From the standpoint of medical bacteriology, micro-organisms may be divided into two large groups, namely, pathogenic and nonpathogenic bacteria and viruses. In many instances it is possible to prove the pathogenicity of a micro-organism by fulfilling all or some of Koch's postulates. On the other hand, it is a recognized fact that so-called nonpathogenic bacteria may occasionally cause disease in man and in animals. It is also established beyond doubt that certain bacterial species may be nonpathogenic at one particular site, for instance, in the intestinal tract or on the skin, and may become pathogenic when present in other organs and organ systems.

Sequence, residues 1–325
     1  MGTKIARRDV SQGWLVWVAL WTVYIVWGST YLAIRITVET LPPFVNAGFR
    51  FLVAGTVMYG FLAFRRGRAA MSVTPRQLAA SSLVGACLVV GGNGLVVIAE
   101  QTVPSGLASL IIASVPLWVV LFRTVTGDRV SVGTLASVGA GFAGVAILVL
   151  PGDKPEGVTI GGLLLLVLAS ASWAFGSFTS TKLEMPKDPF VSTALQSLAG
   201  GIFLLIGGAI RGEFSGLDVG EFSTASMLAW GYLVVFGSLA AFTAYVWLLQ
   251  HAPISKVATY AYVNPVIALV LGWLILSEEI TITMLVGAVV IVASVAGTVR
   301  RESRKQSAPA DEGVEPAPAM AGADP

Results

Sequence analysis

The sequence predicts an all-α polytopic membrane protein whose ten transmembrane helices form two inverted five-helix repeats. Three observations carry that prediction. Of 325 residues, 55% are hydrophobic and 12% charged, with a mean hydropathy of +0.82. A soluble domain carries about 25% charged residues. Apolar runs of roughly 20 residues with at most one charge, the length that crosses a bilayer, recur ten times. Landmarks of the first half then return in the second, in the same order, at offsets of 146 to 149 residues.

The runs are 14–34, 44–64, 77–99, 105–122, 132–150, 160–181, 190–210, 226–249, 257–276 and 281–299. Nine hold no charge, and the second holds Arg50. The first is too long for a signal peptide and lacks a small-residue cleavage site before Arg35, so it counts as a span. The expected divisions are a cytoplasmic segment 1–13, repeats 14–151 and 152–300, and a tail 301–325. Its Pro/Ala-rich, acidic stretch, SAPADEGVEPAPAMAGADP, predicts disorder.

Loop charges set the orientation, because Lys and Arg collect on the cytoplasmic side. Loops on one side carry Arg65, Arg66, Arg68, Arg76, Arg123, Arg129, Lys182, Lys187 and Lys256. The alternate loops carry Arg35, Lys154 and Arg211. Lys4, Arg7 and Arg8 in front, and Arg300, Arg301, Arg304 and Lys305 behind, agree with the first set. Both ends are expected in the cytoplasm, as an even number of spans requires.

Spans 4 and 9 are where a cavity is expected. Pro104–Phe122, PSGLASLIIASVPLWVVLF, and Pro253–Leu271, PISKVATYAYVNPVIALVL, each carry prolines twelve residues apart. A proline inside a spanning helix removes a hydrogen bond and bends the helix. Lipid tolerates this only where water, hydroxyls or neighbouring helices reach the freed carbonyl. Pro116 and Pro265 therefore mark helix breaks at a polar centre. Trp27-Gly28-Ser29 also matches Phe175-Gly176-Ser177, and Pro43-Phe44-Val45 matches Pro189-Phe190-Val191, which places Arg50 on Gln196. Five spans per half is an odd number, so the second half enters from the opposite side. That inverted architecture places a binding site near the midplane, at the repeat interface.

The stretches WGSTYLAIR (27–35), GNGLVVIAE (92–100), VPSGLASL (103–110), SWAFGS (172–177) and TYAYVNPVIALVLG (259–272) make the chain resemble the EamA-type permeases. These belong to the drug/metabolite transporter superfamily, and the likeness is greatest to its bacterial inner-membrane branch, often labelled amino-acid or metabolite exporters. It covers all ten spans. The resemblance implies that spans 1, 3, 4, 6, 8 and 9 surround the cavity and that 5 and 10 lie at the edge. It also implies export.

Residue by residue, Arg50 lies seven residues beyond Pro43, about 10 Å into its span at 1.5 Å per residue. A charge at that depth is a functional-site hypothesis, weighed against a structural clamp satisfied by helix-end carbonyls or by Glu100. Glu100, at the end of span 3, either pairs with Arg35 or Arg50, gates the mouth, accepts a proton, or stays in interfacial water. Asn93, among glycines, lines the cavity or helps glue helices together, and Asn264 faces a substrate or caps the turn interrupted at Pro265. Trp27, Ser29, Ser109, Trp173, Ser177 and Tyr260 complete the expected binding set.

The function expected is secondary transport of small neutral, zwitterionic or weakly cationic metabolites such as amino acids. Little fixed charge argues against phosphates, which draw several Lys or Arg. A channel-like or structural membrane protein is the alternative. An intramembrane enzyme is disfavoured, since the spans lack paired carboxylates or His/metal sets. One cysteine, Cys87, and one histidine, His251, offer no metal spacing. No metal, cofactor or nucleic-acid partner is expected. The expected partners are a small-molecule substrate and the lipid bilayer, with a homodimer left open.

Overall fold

Bacillus alcaligenes is generally considered to be nonpathogenic for man. There are available, however, a number of reports indicating that this species may cause infections in man. We should like to present observations on a case of Bacillus alcaligenes bacteremia complicating diabetes mellitus.
REPORT OF A CASE
WEINTRAUB DH, NETER ER. BACILLUS ALCALIGENES BACTEREMIA COMPLICATING DIABETES MELLITUS. Am J Dis Child. 1943;66(4):413–417. doi:10.1001/archpedi.1943.02010220066007
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